IACHR Press Office
Washington, D.C. – The Inter-American Commission on Human Rights (IACHR) visited the Plurinational State of Bolivia over the period January 24–26, 2023, and met with various stakeholders to discuss progress made to implement the recommendations of the Interdisciplinary Group of Independent Experts for Bolivia, as well as pending challenges. The delegation—led by Commissioner Joel Hernández (the IACHR's Rapporteur for Bolivia) and IACHR Executive Secretary Tania Reneaum and which also featured members of the Commission's technical staff—held several meetings in La Paz and Sucre, with authorities at the Ministry of Justice, the Ombudsperson's Office, the Public Prosecutor's Office, and the Supreme Court of Justice. The IACHR delegation also met with victims' associations and other civil society organizations to gather relevant information.
Following a preliminary examination of all the information that has been collected, both progress and challenges have been identified in efforts to implement the recommendations made by the Interdisciplinary Group of Independent Experts for Bolivia. In particular, the IACHR mission noted efforts to investigate the events of 2019 and the provision of comprehensive reparations to victims of human rights violations. The Commission further noted the importance of implementing all recommendations aimed at ensuring non-recurrence within Bolivian society.
The Inter-American Commission is set to publish soon—one year after launching its mechanism to monitor the implementation of recommendations made by the Interdisciplinary Group of Independent Experts for Bolivia—a report to provide greater detail concerning progress made and pending challenges. This report is intended as a set of technical guidelines to enable the Plurinational State of Bolivia to comply with the recommendations of the Interdisciplinary Group of Independent Experts for Bolivia.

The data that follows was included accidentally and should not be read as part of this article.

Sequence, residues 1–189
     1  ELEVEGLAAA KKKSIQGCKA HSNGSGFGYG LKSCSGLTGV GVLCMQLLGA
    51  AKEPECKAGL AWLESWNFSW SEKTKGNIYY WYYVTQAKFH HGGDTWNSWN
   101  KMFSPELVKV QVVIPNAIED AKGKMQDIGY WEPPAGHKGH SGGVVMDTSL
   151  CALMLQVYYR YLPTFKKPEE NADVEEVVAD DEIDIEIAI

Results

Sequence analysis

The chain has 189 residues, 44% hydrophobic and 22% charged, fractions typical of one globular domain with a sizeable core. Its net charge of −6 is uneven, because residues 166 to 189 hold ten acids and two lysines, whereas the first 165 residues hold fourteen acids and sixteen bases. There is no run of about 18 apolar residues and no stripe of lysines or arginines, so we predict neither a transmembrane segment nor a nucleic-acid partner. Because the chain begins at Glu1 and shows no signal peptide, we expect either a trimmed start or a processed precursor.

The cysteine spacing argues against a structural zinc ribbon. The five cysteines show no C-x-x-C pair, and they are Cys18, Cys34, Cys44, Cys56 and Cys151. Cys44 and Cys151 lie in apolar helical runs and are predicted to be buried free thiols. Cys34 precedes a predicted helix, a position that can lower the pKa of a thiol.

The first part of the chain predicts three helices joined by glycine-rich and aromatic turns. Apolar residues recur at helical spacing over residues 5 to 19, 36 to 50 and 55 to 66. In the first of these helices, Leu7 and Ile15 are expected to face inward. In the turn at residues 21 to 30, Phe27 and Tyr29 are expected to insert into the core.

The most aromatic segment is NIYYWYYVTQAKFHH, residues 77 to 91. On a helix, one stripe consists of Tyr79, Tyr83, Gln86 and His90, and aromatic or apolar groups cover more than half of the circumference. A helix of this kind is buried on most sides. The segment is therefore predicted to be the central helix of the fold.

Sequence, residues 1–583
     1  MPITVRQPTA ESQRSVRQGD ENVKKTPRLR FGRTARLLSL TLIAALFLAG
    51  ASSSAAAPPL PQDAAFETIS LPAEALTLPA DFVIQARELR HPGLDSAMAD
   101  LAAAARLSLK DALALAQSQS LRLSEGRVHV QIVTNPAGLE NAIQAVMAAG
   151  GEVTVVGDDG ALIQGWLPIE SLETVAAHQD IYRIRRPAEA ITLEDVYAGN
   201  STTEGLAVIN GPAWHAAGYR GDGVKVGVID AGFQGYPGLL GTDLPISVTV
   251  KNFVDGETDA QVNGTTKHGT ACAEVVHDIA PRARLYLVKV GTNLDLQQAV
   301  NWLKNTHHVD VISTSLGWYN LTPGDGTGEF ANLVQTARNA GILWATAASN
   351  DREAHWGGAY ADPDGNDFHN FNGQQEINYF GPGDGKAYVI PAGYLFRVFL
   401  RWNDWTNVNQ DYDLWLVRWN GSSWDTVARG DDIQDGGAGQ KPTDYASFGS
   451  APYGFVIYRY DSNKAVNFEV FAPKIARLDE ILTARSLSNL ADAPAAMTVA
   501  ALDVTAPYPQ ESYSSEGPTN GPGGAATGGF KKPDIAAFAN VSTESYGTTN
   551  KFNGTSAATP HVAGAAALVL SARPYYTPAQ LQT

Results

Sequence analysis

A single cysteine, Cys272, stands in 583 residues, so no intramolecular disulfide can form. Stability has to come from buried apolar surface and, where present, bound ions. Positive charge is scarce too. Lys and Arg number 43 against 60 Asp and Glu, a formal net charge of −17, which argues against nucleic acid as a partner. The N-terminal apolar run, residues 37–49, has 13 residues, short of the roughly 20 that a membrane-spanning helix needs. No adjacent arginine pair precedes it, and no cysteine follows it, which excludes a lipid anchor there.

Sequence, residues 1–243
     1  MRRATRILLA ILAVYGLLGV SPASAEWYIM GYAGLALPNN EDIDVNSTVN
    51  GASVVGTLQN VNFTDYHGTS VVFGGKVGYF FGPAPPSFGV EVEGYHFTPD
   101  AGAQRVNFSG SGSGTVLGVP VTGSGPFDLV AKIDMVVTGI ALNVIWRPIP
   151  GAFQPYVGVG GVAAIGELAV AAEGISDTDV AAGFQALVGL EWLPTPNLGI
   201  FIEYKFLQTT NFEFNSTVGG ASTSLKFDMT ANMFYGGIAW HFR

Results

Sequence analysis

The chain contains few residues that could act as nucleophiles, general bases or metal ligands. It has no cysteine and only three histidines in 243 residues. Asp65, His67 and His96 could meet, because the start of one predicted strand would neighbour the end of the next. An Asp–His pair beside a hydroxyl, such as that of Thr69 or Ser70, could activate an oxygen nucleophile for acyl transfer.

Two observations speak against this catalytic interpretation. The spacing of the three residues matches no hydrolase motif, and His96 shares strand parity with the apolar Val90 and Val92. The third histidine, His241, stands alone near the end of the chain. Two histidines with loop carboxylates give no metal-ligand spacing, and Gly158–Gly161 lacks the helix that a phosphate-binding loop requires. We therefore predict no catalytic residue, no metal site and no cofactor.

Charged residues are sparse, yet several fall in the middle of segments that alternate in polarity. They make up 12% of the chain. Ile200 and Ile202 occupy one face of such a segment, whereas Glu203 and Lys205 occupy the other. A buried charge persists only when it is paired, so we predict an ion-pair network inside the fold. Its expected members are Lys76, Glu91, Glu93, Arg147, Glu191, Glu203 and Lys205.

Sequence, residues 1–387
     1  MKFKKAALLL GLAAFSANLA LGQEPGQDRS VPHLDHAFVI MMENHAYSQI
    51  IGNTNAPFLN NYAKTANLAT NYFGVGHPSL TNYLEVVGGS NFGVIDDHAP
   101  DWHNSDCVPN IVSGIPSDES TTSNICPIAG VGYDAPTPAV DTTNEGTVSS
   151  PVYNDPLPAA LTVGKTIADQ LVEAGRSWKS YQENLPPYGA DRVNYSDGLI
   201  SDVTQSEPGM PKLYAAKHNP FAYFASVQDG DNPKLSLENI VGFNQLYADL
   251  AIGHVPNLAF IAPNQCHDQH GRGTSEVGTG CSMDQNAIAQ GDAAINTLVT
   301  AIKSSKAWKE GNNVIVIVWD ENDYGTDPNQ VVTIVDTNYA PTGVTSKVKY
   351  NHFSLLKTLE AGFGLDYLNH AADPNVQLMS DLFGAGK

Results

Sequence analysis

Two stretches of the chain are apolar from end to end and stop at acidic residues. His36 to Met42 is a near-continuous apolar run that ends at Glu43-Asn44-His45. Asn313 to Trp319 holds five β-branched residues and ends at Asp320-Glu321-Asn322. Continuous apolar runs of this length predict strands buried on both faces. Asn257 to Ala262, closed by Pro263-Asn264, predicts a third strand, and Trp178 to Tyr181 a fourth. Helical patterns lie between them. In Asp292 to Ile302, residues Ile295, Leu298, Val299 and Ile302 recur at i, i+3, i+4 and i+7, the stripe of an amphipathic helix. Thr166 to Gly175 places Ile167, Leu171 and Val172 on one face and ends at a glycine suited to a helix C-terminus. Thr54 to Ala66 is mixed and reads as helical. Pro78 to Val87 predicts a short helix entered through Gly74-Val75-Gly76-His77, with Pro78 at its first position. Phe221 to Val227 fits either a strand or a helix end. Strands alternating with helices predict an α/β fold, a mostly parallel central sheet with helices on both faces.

The Commission appreciates the invitation and the support it received from the Plurinational State of Bolivia to conduct this mission. The IACHR commends State authorities on their openness to talk and provide information on how various recommendations had been implemented. The Commission also appreciates the valuable assistance of the victims and civil society organizations who contributed information and testimonies in the cities visited by the IACHR delegation.
A principal, autonomous body of the Organization of American States (OAS), the IACHR derives its mandate from the OAS Charter and the American Convention on Human Rights. The Inter-American Commission has a mandate to promote respect for and to defend human rights in the region and acts as a consultative body to the OAS in this area. The Commission is composed of seven independent members who are elected in an individual capacity by the OAS General Assembly and who do not represent their countries of origin or residence.